My Blood Type Is Coffee

3 years ago


My Blood Type Is Coffee

Coffee is my life. 

I have six pounds of unopened whole beans stashed in my kitchen. There’s another pound in an old purse stuffed in the glove compartment of my car and just yesterday while looking for a match to one of my stiletto heel s in my closet, I found a pound hidden inside an old boot. It’s still good. It’s vacuum-packed and the seal is still glued tight. I tugged on it just to be sure.  

It’s important you know I have admitted I may have a problem with coffee many times to my friends and family, usually while standing in line at a local coffee roaster. They just smile and buy me another cup. What am I to do? I think I need a support group or hypnosis. I would try either one, but coffee addiction therapy is not covered under my current health insurance.

My love for coffee started about twenty years ago when we moved to Augusta, Wisconsin. Once we moved in, my new neighbors invited me for coffee and I was hooked. Running after two energetic boys and a busy husband was hard work. Coffee woke me up for the drive to school, kept me awake for the church events, alert for the baseball games, and later kept me going until the teenagers got home safely late at night. 

After engaging in a secret love affair with my home coffeemaker all those years we learned we were moving to Indianapolis. It was there I learned how to speak the coffee language and the meanings of the words latte, vente, expresso, mocchiato and cappuccino. I learned to say my order clearly and with purpose as I approached the counter or drive-up at the big coffee chains. Baristas don’t have time to wait around for coffee rookies. Give them the order when they ask or you’ll be demoted and sent to wait at the end of the line while you make up your mind. That was the greatest indignity of all.

It wasn’t long before my relationships among roasters grew from one simple re-loadable key tag to so many that I needed a whole key ring dedicated to my addiction! It was hard to patronize all of my new coffee friends, but I did my best. I even had a line in my yearly budget titled “coffee fund.”

One of my favorite cafes reserved a table for me every Tuesday afternoon. From my little corner of the world I wrote three novels and wrote a business plan that soon became my successful baking business, “The Quilter Cook.”  I made phone calls, met customers and set-up office hours as I sipped along with a coffee in my hand. The business boomed and the baristas kept brewing. I was happy. Life was good.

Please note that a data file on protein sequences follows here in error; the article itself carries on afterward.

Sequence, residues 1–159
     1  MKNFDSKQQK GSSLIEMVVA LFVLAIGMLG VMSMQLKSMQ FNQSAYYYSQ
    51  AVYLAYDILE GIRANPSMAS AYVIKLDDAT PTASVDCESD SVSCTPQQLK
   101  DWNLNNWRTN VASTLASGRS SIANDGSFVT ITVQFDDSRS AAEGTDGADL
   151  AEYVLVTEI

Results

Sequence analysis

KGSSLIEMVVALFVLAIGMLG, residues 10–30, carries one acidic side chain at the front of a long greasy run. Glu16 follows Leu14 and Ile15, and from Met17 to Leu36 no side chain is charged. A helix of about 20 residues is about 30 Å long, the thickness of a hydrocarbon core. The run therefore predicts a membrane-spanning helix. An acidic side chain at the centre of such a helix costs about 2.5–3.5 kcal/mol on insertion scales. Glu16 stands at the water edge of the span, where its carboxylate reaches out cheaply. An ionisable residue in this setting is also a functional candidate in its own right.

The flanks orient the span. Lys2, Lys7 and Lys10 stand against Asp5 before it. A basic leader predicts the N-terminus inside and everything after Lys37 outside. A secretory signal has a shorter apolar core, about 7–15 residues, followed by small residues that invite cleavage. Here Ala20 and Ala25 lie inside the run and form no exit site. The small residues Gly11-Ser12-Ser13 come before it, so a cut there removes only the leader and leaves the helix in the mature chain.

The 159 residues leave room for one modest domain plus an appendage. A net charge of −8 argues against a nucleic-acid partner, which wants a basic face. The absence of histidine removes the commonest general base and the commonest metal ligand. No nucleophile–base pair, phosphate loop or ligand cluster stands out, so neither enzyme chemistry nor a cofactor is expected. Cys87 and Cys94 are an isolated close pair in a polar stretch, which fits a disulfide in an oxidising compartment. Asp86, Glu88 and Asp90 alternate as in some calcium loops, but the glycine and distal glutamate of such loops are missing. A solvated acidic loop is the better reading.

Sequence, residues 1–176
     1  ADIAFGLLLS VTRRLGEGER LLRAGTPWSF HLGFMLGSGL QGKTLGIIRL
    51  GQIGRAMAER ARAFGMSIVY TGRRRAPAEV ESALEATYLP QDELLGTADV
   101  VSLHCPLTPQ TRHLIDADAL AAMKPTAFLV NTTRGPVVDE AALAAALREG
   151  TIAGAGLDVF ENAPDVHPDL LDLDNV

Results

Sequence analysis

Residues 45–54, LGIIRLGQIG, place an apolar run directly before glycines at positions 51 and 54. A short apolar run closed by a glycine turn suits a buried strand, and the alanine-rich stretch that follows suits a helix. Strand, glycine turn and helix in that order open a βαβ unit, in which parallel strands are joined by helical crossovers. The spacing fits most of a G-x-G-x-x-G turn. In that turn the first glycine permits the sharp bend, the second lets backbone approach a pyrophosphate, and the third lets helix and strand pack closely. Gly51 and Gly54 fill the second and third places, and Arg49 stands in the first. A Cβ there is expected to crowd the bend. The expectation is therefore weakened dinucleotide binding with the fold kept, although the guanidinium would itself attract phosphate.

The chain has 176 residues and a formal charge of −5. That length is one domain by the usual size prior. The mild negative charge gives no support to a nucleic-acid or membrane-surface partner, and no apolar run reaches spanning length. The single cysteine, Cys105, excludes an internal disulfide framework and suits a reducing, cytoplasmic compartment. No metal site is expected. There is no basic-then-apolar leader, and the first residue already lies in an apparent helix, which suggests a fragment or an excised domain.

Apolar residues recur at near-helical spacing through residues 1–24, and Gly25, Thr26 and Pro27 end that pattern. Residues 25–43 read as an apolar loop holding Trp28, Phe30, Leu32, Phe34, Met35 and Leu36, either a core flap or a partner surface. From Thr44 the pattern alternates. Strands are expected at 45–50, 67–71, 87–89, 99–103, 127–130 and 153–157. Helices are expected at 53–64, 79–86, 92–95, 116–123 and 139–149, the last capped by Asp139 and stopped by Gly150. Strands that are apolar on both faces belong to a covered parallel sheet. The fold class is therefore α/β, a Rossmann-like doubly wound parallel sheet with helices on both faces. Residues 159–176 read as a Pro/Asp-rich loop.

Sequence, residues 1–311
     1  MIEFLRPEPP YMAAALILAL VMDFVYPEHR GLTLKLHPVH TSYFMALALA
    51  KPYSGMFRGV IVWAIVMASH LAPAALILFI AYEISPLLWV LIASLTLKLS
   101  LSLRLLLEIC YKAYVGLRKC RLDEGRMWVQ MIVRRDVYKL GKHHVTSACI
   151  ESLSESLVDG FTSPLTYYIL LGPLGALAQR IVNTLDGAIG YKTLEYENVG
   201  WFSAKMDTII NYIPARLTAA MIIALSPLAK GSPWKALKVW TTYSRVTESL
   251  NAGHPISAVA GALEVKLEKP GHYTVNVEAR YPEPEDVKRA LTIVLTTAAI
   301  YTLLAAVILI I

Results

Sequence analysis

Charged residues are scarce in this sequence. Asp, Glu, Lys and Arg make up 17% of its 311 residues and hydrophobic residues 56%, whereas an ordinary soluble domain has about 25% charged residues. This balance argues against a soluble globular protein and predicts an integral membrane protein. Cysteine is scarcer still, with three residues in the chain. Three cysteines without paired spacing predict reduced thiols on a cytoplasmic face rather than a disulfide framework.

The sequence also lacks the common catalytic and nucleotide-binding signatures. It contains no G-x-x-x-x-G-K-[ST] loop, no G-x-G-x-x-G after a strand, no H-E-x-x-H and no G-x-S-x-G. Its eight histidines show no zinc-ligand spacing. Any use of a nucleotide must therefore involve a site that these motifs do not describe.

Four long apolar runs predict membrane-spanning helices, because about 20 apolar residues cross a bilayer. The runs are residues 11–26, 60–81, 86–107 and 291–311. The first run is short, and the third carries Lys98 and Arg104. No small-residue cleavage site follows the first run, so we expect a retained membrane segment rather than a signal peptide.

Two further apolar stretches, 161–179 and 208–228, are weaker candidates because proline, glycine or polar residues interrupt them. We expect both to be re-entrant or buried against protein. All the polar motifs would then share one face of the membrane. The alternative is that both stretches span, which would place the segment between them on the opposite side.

Then the day came when I was told we would be moving to Madison, Wisconsin. Immediately, I got online and searched local coffee roasters in the area. Panic pulsed through my veins while I waited for the list to appear on the computer screen. Where were they located? How long had they been in business? Did they have a café? How many roasters could there possibly be to satisfy my coffee needs and how long would it take to make new coffee friends?

I am happy to report that it’s been a year since the move and I have started a whole new key ring full of new places to visit all over the area! I haven’t been offered my own corner table office yet, but I have been welcomed by baristas with open arms and occasionally, a bottomless cup!

Now, how about a little treat to go along with that coffee?


The Quilter Cook’s Coffee Lovers Brownies

2 c. flour

2 c. granulated sugar

½ c. butter

½ c. shortening

1 c. strong brewed coffee

¼ c. cocoa

½ c. buttermilk

1 ½ t. cinnamon

2 eggs

1 t. baking soda

1 tsp pure vanilla extract


  1. In a large bowl combine flour and sugar.

  2. Bring butter, shortening, coffee and cocoa to a boil. Pour this mixture over the flour and sugar.

  3. Add buttermilk, cinnamon, eggs, baking soda and vanilla extract.  Mix well.

  4. Pour into a prepared 17 ½ x 11inch jelly roll pan.

  5. Bake at 400 degrees for 20 minutes.



    ½ c. butter

    2 T. cocoa

    ¼ c. milk

    3 ½ c. powdered sugar

    1 t. vanilla extract


  1. Bring butter, cocoa and milk to a boil.

  2. Mix in powdered sugar and vanilla extract until smooth.

  3. Pour warm frosting over brownies as soon as they come out of the oven.

  4. Cool and cut into squares.


In addition to her blog,, Rhonda Mossner is also a professional speaker and quilter. She is known as The Quilter Cook and travels throughout the area sharing her stories and recipes. You may contact her at

Rhonda Mossner, The Quilter Cook

Facebook Page: The Quilter Cook Catering Co.

Pinterest: The Quilter Cook

twitter: @TheQuilterCook

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